5. Revival of CMBS


Commercial mortgage–backed securities (CMBS) were the most affected financing source during the recession, as issuance dropped to near zero in 2009. A turnaround began last year, and 2011 issuance is expected to nearly triple 2010’s level, but this recovery has potentially stalled due to credit-market volatility, which is expected to adversely affect the overall pipeline. The reemergence of the CMBS market could have the greatest impact on the availability of debt capital going forward.

6. Robust REITs


The real estate investment trust (REIT) recovery began much earlier than that of the underlying commercial real estate fundamentals, primarily due to the opening of capital markets. REITs continue to outperform many traditional asset classes, and fundraising by public REITs was up 66.5 percent this year through July. REITs’ growth prospects are now heavily dependent on acquisitions and generating increasing rental income, but REITs are well positioned going forward due to these market dynamics and improvements in property fundamentals.

7. Ample dry powder


According to a Preqin survey conducted in July, 72 percent of alternative investment consultants were expected to significantly or slightly increase recommended capital commitments to real estate in 2011. That was a vast improvement from February’s 45 percent. In the United States, dry powder—or unused reserve financial capital—has increased modestly this year to nearly $86 billion, highlighting the substantial capital readily available for real estate investments. A significant amount of capital raised has yet to be deployed.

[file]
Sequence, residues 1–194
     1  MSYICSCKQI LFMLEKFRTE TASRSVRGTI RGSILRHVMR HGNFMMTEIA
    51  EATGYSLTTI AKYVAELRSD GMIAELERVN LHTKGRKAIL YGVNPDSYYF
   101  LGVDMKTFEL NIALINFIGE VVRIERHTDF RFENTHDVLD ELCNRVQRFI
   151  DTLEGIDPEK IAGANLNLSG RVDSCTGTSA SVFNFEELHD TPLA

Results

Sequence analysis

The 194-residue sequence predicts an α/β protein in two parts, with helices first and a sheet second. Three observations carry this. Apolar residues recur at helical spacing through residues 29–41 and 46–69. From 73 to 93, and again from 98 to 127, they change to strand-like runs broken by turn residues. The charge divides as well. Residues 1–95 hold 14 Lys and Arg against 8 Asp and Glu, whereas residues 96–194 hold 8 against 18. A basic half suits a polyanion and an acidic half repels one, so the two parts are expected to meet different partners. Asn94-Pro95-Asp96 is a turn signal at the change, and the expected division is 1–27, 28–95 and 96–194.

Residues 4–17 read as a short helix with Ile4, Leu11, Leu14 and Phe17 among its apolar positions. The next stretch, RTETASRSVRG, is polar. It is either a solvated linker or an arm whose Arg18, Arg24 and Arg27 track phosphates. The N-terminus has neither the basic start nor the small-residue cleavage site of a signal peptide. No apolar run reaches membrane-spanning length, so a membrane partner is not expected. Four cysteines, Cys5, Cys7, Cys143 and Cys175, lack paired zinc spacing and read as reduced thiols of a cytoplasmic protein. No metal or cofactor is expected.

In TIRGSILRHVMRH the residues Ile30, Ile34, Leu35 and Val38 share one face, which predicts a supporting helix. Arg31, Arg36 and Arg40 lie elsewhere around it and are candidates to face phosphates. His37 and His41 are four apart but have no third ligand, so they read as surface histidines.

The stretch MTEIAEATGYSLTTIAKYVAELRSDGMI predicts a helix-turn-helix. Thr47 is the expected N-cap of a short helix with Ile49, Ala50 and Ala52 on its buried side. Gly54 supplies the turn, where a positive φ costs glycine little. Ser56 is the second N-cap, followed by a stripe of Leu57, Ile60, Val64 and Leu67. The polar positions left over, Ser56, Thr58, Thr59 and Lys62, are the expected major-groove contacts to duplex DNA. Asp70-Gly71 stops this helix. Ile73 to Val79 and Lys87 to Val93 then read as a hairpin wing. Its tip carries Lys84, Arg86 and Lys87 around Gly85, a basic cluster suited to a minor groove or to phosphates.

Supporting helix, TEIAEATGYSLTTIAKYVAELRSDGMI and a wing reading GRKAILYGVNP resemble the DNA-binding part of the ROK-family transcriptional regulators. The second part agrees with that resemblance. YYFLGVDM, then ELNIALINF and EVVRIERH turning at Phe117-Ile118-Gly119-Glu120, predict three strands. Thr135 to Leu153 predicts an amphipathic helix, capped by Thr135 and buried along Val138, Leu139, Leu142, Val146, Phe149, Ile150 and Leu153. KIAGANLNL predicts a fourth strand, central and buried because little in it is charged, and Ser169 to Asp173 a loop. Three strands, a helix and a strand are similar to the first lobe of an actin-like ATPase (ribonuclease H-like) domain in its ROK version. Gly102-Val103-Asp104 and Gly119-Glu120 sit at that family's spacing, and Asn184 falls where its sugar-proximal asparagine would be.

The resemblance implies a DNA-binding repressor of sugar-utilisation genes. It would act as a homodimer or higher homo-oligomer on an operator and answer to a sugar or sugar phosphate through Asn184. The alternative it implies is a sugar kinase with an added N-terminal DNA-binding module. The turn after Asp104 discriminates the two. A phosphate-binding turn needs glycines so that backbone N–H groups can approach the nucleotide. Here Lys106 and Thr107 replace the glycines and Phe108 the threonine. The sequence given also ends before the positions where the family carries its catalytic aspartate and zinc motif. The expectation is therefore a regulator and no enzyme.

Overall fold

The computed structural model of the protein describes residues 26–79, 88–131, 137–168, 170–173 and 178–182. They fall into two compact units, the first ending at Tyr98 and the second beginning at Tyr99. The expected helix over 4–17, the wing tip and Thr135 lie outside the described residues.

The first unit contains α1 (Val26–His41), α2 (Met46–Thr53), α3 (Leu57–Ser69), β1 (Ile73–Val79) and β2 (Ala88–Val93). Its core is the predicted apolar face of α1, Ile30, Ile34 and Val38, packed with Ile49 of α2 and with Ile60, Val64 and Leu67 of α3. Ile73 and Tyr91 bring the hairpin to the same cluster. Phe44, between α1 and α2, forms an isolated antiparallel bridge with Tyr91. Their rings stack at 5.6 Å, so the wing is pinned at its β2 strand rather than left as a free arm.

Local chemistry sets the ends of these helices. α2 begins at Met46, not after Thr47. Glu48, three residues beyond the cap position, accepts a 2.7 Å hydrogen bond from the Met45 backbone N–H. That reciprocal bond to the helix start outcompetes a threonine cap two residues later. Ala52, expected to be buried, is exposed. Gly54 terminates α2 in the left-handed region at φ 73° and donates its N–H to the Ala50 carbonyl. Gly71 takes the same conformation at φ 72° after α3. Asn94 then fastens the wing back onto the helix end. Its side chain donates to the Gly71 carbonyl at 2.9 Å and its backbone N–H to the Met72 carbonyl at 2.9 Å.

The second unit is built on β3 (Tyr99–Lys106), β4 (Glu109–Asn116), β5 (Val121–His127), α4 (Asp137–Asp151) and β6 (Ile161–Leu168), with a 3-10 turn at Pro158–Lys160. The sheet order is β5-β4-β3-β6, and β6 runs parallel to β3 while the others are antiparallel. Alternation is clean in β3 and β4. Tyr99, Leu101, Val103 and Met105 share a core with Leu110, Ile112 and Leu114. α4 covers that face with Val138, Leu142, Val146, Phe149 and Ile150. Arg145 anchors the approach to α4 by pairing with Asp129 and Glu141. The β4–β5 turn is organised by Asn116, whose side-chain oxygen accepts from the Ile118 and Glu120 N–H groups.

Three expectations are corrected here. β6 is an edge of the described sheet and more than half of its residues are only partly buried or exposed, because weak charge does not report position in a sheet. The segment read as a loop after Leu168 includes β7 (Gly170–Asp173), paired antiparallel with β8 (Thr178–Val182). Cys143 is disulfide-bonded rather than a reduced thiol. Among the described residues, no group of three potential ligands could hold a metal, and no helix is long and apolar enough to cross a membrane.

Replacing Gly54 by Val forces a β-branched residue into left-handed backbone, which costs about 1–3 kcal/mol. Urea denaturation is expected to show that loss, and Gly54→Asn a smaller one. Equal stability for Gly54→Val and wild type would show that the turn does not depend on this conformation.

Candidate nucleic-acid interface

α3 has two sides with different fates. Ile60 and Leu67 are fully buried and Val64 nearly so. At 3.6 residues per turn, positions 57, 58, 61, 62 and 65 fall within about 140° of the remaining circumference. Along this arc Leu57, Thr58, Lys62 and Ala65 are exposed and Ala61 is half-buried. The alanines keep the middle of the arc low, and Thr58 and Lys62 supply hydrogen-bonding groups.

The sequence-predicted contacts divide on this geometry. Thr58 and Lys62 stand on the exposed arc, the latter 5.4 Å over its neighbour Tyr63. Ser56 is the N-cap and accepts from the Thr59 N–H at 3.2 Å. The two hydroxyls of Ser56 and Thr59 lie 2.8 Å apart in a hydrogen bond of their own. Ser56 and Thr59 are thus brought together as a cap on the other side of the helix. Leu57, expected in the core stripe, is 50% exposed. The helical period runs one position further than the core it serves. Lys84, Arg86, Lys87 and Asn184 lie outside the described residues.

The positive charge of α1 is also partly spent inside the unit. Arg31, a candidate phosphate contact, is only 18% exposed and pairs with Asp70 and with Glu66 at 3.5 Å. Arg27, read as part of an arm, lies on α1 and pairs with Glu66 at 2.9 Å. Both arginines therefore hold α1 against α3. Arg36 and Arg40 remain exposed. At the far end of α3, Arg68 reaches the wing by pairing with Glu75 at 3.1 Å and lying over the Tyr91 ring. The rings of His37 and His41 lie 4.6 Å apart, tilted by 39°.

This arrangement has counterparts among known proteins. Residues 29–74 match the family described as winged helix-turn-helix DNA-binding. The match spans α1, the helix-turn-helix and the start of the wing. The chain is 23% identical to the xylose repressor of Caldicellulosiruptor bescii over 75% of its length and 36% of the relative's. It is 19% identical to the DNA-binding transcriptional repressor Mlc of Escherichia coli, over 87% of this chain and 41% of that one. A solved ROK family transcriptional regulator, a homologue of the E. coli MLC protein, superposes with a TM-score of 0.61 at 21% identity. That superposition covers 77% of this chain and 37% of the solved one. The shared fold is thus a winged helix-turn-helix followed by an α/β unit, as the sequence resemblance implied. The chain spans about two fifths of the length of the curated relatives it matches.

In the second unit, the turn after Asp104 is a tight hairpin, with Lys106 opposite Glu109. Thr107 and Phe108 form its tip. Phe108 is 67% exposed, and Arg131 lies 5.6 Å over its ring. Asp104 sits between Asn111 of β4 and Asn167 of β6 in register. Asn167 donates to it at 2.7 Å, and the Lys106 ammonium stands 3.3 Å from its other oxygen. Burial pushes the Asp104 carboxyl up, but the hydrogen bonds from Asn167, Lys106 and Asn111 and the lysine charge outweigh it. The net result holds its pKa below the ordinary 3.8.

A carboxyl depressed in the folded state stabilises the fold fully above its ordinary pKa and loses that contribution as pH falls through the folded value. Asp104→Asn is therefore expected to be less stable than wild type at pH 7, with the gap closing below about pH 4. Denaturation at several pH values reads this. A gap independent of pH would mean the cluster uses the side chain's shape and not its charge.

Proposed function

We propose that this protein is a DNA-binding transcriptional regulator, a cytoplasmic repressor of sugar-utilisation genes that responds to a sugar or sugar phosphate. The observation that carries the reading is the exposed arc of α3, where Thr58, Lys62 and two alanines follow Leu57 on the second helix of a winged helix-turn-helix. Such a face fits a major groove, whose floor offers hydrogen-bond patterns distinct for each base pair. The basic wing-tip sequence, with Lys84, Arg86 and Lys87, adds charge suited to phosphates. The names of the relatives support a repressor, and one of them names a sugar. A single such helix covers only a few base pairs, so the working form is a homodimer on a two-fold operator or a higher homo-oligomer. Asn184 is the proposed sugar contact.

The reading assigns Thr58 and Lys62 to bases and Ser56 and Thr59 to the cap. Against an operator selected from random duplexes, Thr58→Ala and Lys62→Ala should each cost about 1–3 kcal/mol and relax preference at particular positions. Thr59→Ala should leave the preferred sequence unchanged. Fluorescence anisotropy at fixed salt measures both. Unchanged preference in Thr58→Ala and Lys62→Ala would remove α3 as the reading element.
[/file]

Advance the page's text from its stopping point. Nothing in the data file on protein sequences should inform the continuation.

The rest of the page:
8. Distressed transactions


A bright spot in the commercial real estate recovery process has been transaction activity, driven by REITs and distressed deals. This year, U.S. transaction volumes are on pace to nearly double 2010’s level, led by office properties. Distressed assets are close to a peak, but with an estimated $183 billion in troubled assets, transaction opportunities still exist. So growth in transaction activity is expected to continue with increased capital availability.

9. Prolonged foreclosures


Some key measures of the real estate industry’s health have yet to recover, particularly in housing. Foreclosures fell this year to their lowest quarterly level since 2007, but mortgage defaults are expected to trend upward because of sustained levels of high unemployment. Analysts believe a rising backlog of foreclosed inventory and government initiatives to delay foreclosure actions may prolong the difficult housing situation. For a residential real estate recovery to begin, it is likely that the inventory of foreclosed homes and those in the pipeline will need to be cleared.

10. Stricter underwriting


Underwriting standards for residential real estate loans remain stringent. According to an annual survey conducted by the Office of the Comptroller of Currency, residential real estate loans—including construction—experienced the most tightening in underwriting standards during the 2011 survey period. Of 48 banks surveyed, 40 percent continued to tighten standards and another 52 percent kept their previously tightened standards unchanged. Recovery in the residential mortgage market will be highly dependent on how mortgage regulations evolve and how the market acts in response.

Source: Deloitte’s Commercial Real Estate Outlook.